Absorption (logic)
Transformation rules 

Propositional calculus 
Rules of inference 
Rules of replacement 

Predicate logic 
Absorption is a valid argument form and rule of inference of propositional logic.^{}^{} The rule states that if implies , then implies and . The rule makes it possible to introduce conjunctions to proofs. It is called the law of absorption because the term is "absorbed" by the term in the consequent.^{} The rule can be stated:
where the rule is that wherever an instance of "" appears on a line of a proof, "" can be placed on a subsequent line.
Formal notation
The absorption rule may be expressed as a sequent:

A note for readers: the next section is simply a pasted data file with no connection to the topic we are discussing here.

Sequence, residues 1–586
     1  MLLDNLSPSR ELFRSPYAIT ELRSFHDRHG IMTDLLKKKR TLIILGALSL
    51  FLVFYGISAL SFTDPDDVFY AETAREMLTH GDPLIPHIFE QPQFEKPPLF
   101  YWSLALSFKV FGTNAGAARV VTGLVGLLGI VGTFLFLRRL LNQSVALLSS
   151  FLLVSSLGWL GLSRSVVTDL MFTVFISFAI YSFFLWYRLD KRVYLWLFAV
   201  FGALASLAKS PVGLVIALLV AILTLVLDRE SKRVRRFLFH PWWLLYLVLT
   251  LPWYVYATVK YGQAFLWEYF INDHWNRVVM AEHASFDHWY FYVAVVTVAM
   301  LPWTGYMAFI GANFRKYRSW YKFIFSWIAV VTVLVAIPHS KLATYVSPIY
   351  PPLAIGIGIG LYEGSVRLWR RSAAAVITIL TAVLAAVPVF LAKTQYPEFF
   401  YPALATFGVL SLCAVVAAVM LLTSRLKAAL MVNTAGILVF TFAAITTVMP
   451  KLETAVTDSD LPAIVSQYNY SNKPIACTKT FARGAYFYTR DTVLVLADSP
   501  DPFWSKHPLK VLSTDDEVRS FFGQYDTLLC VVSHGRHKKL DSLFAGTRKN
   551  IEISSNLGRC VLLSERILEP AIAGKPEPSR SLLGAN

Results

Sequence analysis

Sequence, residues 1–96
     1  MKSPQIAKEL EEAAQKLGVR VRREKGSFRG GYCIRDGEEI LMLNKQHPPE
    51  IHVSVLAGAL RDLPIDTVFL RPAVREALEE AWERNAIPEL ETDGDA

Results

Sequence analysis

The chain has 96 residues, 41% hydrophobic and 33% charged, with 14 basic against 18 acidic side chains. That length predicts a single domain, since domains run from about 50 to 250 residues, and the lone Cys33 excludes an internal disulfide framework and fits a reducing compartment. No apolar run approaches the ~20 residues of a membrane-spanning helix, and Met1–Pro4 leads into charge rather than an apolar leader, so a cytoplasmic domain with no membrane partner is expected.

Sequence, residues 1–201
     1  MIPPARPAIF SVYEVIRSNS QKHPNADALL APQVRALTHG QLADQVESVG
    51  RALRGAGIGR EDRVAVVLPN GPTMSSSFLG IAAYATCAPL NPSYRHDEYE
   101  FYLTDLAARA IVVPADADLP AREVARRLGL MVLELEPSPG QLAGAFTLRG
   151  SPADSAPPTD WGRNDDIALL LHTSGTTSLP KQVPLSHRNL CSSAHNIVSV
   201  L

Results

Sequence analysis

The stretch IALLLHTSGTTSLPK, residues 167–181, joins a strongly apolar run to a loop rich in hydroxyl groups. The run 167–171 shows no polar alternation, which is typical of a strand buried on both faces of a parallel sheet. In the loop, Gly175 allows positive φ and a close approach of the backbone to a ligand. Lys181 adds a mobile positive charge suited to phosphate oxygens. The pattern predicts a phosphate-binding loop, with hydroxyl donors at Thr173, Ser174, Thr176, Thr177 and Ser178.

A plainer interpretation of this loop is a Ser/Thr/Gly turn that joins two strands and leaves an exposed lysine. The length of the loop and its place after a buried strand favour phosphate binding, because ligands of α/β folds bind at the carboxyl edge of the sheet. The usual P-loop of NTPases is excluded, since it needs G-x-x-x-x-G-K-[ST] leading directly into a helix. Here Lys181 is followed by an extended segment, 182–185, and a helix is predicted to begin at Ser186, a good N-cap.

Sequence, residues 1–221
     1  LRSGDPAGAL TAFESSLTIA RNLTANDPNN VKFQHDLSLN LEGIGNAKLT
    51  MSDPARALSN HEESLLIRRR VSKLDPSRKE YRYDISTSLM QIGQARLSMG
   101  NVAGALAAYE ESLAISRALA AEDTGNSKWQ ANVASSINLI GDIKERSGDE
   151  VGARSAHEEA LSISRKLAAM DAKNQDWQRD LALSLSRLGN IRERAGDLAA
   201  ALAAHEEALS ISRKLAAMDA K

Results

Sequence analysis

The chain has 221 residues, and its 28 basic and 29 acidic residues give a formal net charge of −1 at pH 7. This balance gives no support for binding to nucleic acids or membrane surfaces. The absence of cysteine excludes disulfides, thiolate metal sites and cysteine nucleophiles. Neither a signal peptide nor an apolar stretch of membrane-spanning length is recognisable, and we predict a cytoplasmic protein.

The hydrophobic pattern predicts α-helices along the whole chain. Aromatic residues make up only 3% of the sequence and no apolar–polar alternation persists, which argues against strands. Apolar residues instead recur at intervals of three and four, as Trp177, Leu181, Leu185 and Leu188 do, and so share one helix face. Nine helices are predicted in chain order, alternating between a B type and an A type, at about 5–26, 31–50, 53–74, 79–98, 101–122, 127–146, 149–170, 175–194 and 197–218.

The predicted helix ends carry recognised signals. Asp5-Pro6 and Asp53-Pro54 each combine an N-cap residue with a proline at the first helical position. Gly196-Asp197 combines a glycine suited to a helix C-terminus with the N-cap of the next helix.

where is a metalogical symbol meaning that is a syntactic consequences of in some logical system;
and expressed as a truthfunctional tautology or theorem of propositional logic. The principle was stated as a theorem of propositional logic by Russell and Whitehead in Principia Mathematica as:
where , and are propositions expressed in some formal system.
Examples
If it will rain, then I will wear my coat.
Therefore, if it will rain then it will rain and I will wear my coat.
Proof by truth table
T  T  T  T 
T  F  F  F 
F  T  T  T 
F  F  T  T 
Formal proof
Proposition  Derivation 

Given  
Material implication  
Law of Excluded Middle  
Conjunction  
Reverse Distribution  
Material implication